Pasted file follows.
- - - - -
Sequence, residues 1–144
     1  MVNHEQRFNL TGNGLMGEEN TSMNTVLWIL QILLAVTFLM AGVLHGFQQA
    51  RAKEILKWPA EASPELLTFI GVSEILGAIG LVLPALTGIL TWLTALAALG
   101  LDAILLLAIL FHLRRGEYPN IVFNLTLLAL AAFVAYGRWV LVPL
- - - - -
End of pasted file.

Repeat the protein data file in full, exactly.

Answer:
Sequence, residues 1–144
     1  MVNHEQRFNL TGNGLMGEEN TSMNTVLWIL QILLAVTFLM AGVLHGFQQA
    51  RAKEILKWPA EASPELLTFI GVSEILGAIG LVLPALTGIL TWLTALAALG
   101  LDAILLLAIL FHLRRGEYPN IVFNLTLLAL AAFVAYGRWV LVPL